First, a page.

First of all, God bless you.
    Second, I have some questions for Jimmy, if he would like to answer:
    Do you usually take supplements?
    Did you take any supplement during the retreat?

    Third, a different thing.
    Have you tried eating only leaves and fat for a while? Leaves are living organs of plants, like the liver, brain or kidneys to animals. It is difficult to overeat carbs (or fat or protein) while eating leaves. But leaves don’t taste good (at least, not for me). So I eat leaves with salt and fat and egg yolks. I do this because I can’t find good meat, nor good organ meat. But I can buy some good fish (not cheap, though).

    So I get my calories from the fat, and my nutrition from living organs of living beings: leaves and eggs. I know it is not great, but it is what I can afford for now, and it is much better (nutritionally and economically) than the candy, cakes, bread, muffins, cookies, and sugar loaded falsefood I used to eat, which made me depressed and psychotic for most of my life.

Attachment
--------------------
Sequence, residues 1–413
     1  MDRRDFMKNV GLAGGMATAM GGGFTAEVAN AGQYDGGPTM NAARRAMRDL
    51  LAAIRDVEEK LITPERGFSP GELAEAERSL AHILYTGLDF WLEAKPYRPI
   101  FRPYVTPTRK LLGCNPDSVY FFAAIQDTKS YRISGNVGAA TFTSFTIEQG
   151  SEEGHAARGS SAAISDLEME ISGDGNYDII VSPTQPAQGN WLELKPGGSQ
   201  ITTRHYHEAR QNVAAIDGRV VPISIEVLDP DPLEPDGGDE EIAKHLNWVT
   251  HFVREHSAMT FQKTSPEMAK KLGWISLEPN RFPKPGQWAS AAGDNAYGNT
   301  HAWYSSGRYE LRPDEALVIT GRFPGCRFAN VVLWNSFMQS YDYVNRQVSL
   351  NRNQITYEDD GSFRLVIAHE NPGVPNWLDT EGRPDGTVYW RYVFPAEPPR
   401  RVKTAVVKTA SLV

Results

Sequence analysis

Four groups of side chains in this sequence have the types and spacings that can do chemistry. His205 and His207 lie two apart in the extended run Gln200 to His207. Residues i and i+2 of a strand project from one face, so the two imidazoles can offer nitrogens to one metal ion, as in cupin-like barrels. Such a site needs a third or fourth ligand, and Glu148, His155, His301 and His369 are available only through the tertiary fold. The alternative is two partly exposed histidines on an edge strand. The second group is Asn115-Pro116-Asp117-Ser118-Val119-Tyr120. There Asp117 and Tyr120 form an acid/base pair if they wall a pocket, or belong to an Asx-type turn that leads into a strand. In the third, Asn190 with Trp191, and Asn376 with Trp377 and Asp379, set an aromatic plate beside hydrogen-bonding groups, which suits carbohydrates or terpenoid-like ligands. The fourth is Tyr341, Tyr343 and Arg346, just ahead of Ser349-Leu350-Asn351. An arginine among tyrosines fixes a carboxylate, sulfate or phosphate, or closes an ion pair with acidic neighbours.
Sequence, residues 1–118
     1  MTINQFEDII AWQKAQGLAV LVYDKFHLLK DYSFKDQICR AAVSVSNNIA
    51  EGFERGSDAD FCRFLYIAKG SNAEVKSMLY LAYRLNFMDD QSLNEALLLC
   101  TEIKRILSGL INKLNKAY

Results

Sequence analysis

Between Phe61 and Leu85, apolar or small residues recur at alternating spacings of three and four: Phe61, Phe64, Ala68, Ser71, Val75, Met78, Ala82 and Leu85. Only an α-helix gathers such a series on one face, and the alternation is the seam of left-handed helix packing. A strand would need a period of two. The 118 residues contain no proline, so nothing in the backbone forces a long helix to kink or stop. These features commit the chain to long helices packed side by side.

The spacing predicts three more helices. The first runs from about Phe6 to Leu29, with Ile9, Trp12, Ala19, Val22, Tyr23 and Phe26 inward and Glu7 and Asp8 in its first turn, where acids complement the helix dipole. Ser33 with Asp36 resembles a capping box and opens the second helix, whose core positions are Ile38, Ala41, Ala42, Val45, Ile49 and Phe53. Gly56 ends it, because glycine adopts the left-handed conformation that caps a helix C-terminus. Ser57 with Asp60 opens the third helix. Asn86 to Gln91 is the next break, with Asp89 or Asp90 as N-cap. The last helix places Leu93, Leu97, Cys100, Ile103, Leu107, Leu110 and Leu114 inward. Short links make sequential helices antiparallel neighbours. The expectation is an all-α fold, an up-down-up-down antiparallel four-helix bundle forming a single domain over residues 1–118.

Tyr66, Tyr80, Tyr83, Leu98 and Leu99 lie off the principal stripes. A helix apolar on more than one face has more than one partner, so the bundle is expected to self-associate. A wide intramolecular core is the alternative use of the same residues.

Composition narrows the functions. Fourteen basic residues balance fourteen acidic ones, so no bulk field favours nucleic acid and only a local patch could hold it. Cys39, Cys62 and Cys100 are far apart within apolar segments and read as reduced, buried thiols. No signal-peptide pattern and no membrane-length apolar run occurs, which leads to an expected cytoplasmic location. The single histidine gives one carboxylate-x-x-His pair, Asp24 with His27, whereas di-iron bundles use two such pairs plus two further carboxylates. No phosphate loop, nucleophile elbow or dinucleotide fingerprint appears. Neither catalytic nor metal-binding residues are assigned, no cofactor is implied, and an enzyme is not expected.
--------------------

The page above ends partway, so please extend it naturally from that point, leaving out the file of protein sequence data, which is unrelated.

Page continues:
Now, only good fats and leaves. No colorants, no sugars, no sweetners, no MSG, no canned food, no frozen food, no “phoned” food, no nonsense food. Only real food. Period. And I am much better, even though my family thinks I should not beleive anything I get from the internet, and follow the low fat advise from government authorities. After all, they are the authorities, and authorities always know best. Some day, in a few months, my family will see me thin, 170 pounds and not depressed and never nervous, and they will say “How can he be so much better eating like that!” and I will say “The body needs food. You all are fat, and sore, and achy, and sad, and nervous and tired because you barely eat any food, even though you are always eating. Eat food and buck political correctness!”

    Lastly, please be careful with the kidney stones. Have you looked into magnesium as a treatment for kidney stones (in particular Mg Citrate)?

    Everyone can get kidney stones: vegans, strict paleo-dieters, low-carbers. With kidney stones (and gallbladder stones) happens the same thing that happens with heart related diseases, a thousand theories, and nobody knows the truth. Just because some vegans manage to get kidney stones that does not imply that not-veganism will necessarily prevent them.

    Thanks for your podcasts and blogging. I pray you will find even better health.